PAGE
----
Jesus comes to unsettle and disturb, in order to make a new way of living possible. And part of that disturbance lies in the strange way he uses power. In our gospel reading, in the crucifixion, we see this unsettling power dynamic at its pinnacle. Jesus, who has more power than we can possibly grasp, power to speak the world into being, becomes powerless. Not because he has come up against a greater power – there is no greater power that the love of God incarnate in Christ – but because he knows the strange power in laying down his power, in not clinging onto status or influence or respect, or even his life. And in that self-emptying, that total surrender of power, Jesus does – paradoxically – the most powerful thing of all. He overcomes even the power of death.
With that power in mind – that strange and disconcerting notion that the most powerful thing of all is to let go of power – let’s return to our first reading. “May you be made strong with all the strength that comes from his glorious power.” What sort of strength, what sort of power, is that? Not any sort of coercive, controlling, violent or manipulative power, that’s for sure. Here, we too are invited to take up the kind of power that Jesus has – the power of powerlessness, of letting go. It is a strange and disturbing invitation from a strange an unsettling sort of king.
Letting go of power, letting go of control, is not something that comes naturally to most of us (I speak as a recovering control freak!) But it is the way Jesus shows us, the way he calls us to follow. I wonder what that looks like in our lives? I wonder what power, or illusion of power, we cling to, which we need to lay down?
Yesterday at the ‘Creation Care and Climate Justice’ event I went to a workshop about how adults can support the young people who are leading the growing movement for action to tackle the climate crisis. One of the key things that emerged from that conversation between adults and young people is that we adults, who have the power and authority which young people often lack, need to stand in solidarity with them by giving up some of our power and handing it over to them.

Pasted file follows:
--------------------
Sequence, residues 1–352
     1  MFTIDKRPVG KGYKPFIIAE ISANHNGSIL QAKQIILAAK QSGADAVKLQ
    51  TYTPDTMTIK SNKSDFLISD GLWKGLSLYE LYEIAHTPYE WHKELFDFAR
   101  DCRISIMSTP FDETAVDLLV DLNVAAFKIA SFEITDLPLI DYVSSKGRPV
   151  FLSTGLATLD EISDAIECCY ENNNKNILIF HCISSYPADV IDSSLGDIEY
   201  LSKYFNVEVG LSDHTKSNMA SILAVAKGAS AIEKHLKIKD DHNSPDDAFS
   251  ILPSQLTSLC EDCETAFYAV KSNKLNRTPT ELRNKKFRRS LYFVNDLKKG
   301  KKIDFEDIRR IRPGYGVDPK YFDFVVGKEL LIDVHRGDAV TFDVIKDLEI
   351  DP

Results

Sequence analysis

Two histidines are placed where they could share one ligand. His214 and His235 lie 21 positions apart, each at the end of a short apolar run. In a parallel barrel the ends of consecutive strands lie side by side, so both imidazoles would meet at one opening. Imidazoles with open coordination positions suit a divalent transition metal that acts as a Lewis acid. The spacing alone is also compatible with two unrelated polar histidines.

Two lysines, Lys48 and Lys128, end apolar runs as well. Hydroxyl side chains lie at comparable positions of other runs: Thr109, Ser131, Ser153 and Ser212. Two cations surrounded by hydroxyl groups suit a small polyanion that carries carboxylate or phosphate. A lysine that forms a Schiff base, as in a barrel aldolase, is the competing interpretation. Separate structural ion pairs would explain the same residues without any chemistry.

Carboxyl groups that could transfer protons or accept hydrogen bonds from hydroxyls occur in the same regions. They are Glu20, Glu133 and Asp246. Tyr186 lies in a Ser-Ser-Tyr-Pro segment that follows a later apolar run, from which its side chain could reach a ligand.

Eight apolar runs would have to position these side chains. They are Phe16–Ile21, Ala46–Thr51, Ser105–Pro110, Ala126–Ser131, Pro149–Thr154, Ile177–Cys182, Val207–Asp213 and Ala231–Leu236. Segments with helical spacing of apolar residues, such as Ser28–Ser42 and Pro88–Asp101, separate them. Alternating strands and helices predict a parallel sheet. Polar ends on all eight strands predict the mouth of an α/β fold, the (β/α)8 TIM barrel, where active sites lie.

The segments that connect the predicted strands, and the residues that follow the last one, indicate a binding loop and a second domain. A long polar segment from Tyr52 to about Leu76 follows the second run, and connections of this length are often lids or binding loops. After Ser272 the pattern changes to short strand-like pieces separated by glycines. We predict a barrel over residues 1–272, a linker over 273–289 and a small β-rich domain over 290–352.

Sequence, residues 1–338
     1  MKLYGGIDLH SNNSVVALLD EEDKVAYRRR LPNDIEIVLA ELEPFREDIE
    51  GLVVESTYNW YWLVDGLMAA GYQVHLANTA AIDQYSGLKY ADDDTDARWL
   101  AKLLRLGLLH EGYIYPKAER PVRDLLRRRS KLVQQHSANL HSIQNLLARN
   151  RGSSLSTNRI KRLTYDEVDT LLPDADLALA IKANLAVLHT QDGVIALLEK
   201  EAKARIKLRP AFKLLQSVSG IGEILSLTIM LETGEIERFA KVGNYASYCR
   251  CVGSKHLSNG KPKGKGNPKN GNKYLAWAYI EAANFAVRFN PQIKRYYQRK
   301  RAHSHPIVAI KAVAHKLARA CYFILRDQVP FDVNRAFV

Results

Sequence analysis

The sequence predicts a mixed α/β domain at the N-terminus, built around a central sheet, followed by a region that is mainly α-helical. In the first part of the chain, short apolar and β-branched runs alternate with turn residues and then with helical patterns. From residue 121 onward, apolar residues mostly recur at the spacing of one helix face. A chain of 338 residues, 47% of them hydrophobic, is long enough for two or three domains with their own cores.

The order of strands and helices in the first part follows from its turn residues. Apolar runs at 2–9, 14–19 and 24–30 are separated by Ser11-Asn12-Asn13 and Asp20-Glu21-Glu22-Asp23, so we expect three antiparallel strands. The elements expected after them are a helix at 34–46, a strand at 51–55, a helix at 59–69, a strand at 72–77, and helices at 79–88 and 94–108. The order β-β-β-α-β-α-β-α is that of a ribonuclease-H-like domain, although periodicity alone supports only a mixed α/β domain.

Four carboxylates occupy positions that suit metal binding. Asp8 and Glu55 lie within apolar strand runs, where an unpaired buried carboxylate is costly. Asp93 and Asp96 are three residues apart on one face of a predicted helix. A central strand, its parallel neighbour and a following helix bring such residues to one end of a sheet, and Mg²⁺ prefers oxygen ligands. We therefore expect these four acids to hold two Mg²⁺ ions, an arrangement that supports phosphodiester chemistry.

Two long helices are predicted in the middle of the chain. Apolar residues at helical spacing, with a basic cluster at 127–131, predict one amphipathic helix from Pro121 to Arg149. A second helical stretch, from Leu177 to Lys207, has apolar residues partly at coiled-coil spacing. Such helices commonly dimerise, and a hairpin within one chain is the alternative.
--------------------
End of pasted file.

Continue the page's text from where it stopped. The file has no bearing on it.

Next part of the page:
It is the same in any situation where we find ourselves in a position of privilege. We are called to give up our power for the sake of others, for the sake of the kingdom. God’s kingdom is not the sort of place where some people have more power than others. When Jesus tells the rich young man that in order to enter the kingdom he needs to sell all that he has and give it to the poor, it’s not really about the money. It’s about the power. When Jesus speaks of being prepared to lay down one’s life for one’s friends, that’s about letting go of power and control too.
This strange and disturbing king whom we follow has a lot to say about power. But it isn’t what we expect. Sometimes we need to step back from the familiarity of the stories and images we love in order to rediscover something of the strangeness of the God they reveal. In becoming open to the strangeness, the otherness of Christ, we become open to meeting Christ in the stranger, the other.
Christ the King invites us into an altogether different way of living, an altogether different type of power, which is God’s kingdom. May God grant us the grace to accept that invitation.